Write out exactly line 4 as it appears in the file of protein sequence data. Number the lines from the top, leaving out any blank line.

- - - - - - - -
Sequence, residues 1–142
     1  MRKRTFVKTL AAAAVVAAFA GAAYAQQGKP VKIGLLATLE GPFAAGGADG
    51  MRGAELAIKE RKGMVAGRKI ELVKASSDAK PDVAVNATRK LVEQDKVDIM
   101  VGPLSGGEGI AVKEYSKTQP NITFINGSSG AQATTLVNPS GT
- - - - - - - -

   101  VGPLSGGEGI AVKEYSKTQP NITFINGSSG AQATTLVNPS GT